1932 PONTIAC MODEL 302
Established as a part of GM’s “companion makes” program in the 1920s, Pontiac proved so popular that not only did it long outlive the other companions (La Salle, Marquette, and Viking), but when its own parent faltered in the early years of the Great Depression, Pontiac absorbed it into its operations. The Model 302 was the former Oakland chassis, wearing an enlarged version of the Pontiac Six bodywork. The Model 302 also bore the 1930-vintage Oakland V-8, an 85-hp, 251-cu.in. flathead with a flat-plane crank—which caused considerable vibration but was easier to manufacture with the industrial tech of the time. The next year, the V-8, with its complicated mounts and vibration compensator, would be replaced by the first example of the long-running Pontiac straight-eight family, a 77-hp, 223-cu.in. unit, in a chassis derived from Chevrolet designs—a longstanding part of Pontiac’s formula.— David Conwill
1941 PONTIAC CUSTOM TORPEDO
In the immediate prewar era, Pontiac went upmarket, stepping further from Chevrolet and blurring the division lines between it and Oldsmobile—the next rung in the GM hierarchy—by introducing the full-sized Custom Torpedo line. These glamorous long-wheelbase cars shared their premium Fisher Body “C” bodyshells with the Oldsmobile 90 series Custom Cruiser, Buick Roadmaster, and Cadillac Series 62, with the Pontiac version offered in sedan coupe, sedan, and wood-trimmed station wagon forms. Under their long hoods sat a division-traditional 90-hp, 239.2-cu.in. L-head straight-six or optional 103-hp, 248.9-cu.in. L-head straight-eight. Total production of the 1941 Custom Torpedo Six and Custom Torpedo Eight amounted to just 25,448, with 8,257 and 17,191 units built, respectively. Arguably the most attractive, the two-door Model 29 Custom Torpedo Eight Sedan Coupe is thought to be the rarest variant remaining, making it a prize for collectors.— Mark J. McCourt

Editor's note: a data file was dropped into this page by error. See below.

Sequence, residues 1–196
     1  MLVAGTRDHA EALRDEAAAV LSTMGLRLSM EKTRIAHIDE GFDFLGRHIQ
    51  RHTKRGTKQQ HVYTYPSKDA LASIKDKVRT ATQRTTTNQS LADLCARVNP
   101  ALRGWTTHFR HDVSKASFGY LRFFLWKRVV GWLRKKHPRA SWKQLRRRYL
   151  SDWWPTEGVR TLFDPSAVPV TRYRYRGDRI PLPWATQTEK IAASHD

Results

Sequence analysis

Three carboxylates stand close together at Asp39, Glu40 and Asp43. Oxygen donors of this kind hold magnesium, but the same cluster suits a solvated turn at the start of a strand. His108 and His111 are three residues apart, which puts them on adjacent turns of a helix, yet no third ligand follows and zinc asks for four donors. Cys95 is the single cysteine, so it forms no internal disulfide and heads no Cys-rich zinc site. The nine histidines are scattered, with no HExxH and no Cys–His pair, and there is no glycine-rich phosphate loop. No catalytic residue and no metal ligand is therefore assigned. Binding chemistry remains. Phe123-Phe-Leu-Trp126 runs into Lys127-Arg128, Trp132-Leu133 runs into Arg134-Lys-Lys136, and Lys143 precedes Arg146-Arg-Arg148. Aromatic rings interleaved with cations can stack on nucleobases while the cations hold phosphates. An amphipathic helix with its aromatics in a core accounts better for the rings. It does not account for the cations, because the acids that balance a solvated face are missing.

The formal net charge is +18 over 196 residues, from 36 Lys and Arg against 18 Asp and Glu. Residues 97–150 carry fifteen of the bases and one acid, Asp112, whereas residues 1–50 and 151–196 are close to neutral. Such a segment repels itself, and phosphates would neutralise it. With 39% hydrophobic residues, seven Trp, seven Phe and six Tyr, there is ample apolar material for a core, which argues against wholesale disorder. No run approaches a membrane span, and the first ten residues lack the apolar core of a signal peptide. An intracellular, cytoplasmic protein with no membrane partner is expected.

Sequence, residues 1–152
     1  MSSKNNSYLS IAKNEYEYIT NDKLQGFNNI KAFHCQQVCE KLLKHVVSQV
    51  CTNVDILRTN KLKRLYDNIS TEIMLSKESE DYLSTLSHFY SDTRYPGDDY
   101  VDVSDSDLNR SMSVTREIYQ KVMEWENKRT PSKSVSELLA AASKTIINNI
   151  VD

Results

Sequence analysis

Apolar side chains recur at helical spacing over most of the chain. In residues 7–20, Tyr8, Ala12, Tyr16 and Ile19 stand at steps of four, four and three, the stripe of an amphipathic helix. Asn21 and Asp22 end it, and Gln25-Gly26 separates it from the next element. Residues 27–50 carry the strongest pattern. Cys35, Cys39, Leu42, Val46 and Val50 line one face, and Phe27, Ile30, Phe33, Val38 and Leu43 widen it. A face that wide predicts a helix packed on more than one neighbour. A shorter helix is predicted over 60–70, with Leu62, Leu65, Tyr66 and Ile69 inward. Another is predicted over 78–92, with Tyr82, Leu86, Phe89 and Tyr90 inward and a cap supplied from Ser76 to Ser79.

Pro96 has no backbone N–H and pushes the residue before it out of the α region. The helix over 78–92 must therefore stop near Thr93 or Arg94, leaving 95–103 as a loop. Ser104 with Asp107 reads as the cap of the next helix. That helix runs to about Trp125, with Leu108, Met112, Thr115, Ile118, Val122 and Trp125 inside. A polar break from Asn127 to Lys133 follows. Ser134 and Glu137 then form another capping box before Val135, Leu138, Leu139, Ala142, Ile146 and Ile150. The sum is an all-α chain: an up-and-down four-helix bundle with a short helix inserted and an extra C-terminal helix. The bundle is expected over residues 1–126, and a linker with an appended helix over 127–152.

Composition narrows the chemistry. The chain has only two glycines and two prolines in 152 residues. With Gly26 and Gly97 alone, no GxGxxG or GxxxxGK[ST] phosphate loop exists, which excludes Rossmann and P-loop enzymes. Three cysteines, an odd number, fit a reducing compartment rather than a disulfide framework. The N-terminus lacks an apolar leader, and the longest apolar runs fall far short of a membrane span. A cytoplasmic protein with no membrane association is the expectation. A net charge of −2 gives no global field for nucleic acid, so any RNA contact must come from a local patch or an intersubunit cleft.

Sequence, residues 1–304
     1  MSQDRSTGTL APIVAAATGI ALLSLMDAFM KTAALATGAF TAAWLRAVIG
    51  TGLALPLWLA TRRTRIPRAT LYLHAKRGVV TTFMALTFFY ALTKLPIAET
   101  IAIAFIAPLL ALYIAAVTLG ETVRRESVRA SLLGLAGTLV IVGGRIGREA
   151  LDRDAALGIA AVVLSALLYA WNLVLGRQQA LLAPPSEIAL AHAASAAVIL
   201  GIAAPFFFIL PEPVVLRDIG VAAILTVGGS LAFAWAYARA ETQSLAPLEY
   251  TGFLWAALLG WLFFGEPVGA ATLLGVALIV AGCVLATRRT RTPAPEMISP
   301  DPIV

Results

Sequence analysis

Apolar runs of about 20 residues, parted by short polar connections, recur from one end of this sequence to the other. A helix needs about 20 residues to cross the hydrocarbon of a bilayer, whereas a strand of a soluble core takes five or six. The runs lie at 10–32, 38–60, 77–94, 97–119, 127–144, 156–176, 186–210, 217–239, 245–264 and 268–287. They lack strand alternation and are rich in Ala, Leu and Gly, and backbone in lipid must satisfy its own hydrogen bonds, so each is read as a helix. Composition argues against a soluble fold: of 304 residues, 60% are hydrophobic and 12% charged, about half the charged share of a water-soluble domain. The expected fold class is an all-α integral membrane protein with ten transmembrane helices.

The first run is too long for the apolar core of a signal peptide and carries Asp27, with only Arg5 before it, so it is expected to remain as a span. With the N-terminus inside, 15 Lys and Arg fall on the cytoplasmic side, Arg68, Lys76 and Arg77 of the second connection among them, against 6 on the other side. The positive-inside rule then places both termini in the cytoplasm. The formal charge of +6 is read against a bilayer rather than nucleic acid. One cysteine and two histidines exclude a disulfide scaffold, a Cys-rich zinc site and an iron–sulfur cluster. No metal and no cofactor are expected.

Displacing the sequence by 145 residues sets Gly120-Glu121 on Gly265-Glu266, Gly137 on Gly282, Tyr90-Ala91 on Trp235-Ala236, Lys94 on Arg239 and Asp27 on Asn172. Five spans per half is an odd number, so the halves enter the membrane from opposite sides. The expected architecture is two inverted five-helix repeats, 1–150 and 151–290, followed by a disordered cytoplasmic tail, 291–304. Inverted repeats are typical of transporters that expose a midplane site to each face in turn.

1962 PONTIAC GRAND PRIX
When its new car lineup was announced for 1962, Pontiac pitched the freshly minted Grand Prix as, “The personally styled car with the power personality!” It was a fine way of suggesting that the two-door hardtop was a new personal-luxury car, or gentleman’s grand tourer, before outlining just what it came equipped with. It turned out to be quite a list: recessed grille and tail panel design unique to the GP, a lower roofline to enhance its sleek profile, a standard 303-hp 389-cu.in. V-8 engine with a true dual-exhaust system, three-speed manual transmission (although a four-speed and Hydra-Matic were optional), aluminum wheels, an acceleration-friendly axle ratio, Morrokide bucket seats, center console, and full instrumentation that included a tachometer. In short, all the performance of a GTO, combined with the rich appointments of a Bonneville, tucked into a package the size of a Catalina. Starting at $3,490 (or $30,302 today), it found 30,195 buyers; this number quickly increased in the ensuing years.— Matthew Litwin